NanoMed Pharmaceuticals Founders Issued Patent for Use of Nanoparticles to Detect Radioisotopes 'NanoScintillation Systems(TM)' Detect Carbon-14 Without the Use of Organic

Solvents; Nanoparticle-Based System Would Reduce Hazardous Environmental Waste

    LEXINGTON, Ky. and KALAMAZOO, Mich., Nov. 29 /PRNewswire/ -- NanoMed
 Pharmaceuticals, Inc. founders Michael Jay, Ph.D. and Russell J. Mumper, Ph.D.
 have been issued U.S. Patent 6,855,270 entitled "NanoScintillation Systems For
 Aqueous-Based Liquid Scintillation Counting." Their invention, assigned to the
 University of Kentucky Research Foundation and licensed exclusively to NanoMed
 Pharmaceuticals, covers processes to make nanoparticle-based NanoScintillation
 Systems which are used to detect beta-particle- or alpha-particle-emitting
 radioisotopes without the use of the organic solvents commonly used in
 conventional liquid scintillation (LS) "cocktails."
     Biomedical and environmental researchers routinely employ scintillation
 cocktails to quantify, or "count," the amount of radioactivity emitted by
 radioisotopes in samples generated during laboratory experiments. Frequently,
 these samples must be mixed with an organic solvent containing dissolved fluor
 molecules, or "scintillators." Although efficient, the use of organic-based LS
 cocktails results in the need to dispose of large quantities of mixed low-
 level radioactive and hazardous waste ("Mixed LLW") generated as a byproduct
 of the counting process. Results of testing by TestAmerica, Inc.,
 ( ), the leading nationally certified provider
 of outsourced analytical laboratory, air emissions, and indoor air quality
 testing services, show that the NanoScintillation System was qualified as non-
 hazardous waste by virtue of passing tests for Toxicity Characteristic
 Leaching Procedure (TCLP) Extraction by EPA 1311, TCLP for Volatile Organic
 Compounds by EPA Method 1311/8260B, TCLP for Semi-volatile Organic Compounds
 by EPA Method 1311/8270C, TCLP for Metals by 6000/7000 Series Methods,
 Reactivity, pH, and Ignitability as specified in Subpart C of 40 CFR Part 261.
 Thus, the NanoScintillation System represents an opportunity to significantly
 reduce hazardous environmental waste.
     "With the advent of nanotechnology, methods now exist to enhance the
 aqueous solubility of fluor molecules without the use of organic solvents,"
 said Michael Jay, Ph.D., NanoMed co-founder and Director of the University of
 Kentucky's Center for Pharmaceutical Science & Technology. "The development of
 NanoScintillation Systems provides the potential for tremendous scientific,
 economic, and environmental advantages, most notably the opportunity to
 greatly reduce the amount of mixed radioactive and hazardous waste generated
 through the widespread use of conventional organic-based LS cocktails," Dr.
 Jay added.
     Background and Significance
     According to a 1990 baseline report commissioned by the Nuclear Regulatory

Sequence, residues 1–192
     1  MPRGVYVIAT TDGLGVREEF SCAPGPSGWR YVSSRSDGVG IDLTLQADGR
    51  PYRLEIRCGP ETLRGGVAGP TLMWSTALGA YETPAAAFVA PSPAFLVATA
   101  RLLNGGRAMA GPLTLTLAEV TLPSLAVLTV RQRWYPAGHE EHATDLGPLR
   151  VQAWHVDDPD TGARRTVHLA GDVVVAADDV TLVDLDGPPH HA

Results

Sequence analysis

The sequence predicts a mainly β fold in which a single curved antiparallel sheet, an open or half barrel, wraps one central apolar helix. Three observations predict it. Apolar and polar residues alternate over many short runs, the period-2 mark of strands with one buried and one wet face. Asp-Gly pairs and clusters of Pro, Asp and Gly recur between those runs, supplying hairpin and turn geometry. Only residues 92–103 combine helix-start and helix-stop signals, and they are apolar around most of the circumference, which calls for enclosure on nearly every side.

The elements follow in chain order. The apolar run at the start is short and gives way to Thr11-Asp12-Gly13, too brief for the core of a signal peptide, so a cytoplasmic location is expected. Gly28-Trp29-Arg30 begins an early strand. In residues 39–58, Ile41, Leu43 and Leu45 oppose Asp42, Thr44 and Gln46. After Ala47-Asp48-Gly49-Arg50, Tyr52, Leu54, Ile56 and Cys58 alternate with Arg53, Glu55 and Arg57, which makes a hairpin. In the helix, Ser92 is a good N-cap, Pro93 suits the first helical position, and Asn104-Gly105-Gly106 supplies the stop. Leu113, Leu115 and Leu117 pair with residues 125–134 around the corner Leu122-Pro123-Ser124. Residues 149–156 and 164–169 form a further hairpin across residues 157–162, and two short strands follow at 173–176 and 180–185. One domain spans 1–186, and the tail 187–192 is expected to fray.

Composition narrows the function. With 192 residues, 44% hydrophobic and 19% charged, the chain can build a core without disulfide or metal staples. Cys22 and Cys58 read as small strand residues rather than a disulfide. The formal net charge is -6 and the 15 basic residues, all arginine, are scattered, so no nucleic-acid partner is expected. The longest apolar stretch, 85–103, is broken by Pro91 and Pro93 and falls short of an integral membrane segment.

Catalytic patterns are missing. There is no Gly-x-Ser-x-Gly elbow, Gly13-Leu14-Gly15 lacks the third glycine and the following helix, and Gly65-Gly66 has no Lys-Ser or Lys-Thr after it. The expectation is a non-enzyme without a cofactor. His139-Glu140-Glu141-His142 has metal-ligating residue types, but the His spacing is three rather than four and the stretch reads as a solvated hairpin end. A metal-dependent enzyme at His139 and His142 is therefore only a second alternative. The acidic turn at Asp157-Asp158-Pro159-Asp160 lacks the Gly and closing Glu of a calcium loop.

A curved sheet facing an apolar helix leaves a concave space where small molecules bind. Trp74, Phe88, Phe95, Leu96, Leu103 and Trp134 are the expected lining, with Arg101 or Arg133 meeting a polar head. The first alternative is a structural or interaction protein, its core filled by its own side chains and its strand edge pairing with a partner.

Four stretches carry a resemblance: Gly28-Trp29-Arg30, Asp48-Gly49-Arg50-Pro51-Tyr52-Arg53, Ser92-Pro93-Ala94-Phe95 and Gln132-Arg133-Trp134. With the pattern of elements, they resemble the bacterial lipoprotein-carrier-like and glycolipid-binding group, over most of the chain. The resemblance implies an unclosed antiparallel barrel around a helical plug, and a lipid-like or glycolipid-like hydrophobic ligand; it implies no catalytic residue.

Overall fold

Commission and the Environment Protection Agency titled "National Profile on
 Commercially Generated Low-Level Radioactive Mixed Waste" (NUREG/CR-5938),
 140,000 cubic feet of mixed waste was generated by industry and academia in
 the United States in 1990 alone. It is estimated that the Department of Energy
 generates annually an additional 800,000 cubic feet of mixed organic and
 radioactive waste.
     Additional Potential Applications
     In addition to its application in routine scintillation counting in
 biomedical and pharmaceutical research laboratories, NanoScintillation Systems
 may have utility in homeland security applications; specifically, anti-nuclear
 terrorism of municipal and military water supplies. Several U.S. government
 agencies have made nuclear preparedness recommendations that included the use
 of mobile methods to detect radiation, including beta-particle- or alpha-
 particle-emitting radioisotopes.
     NanoScintillation Systems may also have applications in other areas such
 as in radioisotopic binding assays and in functional genomics whereby the
 binding of radiolabeled probes in DNA microarrays can be quantified which may
 be of particular interest to biomedical researchers who build their own gene
 chips and need high sensitivity detection.
     About the Inventors
     Michael Jay, Ph.D. is Professor in the University of Kentucky Department
 of Pharmaceutical Sciences with a joint appointment in the Department of
 Diagnostic Radiology of the Chandler Medical Center, and Director of the
 University of Kentucky's Center for Pharmaceutical Science and Technology.
     Russell J. Mumper, Ph.D. is Vice Chair and Associate Professor in the
 University of Kentucky, College of Pharmacy, Department of Pharmaceutical
 Sciences, and Associate Director of the University of Kentucky's Center for
 Pharmaceutical Science & Technology
     About NanoMed Pharmaceuticals, Inc.
     NanoMed Pharmaceuticals, Inc. is an advanced drug delivery systems company
 developing therapeutic and diagnostic products to treat or detect disease.
 The Company's initial focus is cancer therapeutics and diagnostics. NanoMed's
 core technology is Nanotemplate Engineering(TM), a flexible, rapid and
 scaleable nanoparticle manufacturing technology for the delivery of small
 molecules, peptides, proteins, plasmid DNA, and diagnostic agents.

SOURCE NanoMed Pharmaceuticals, Inc.

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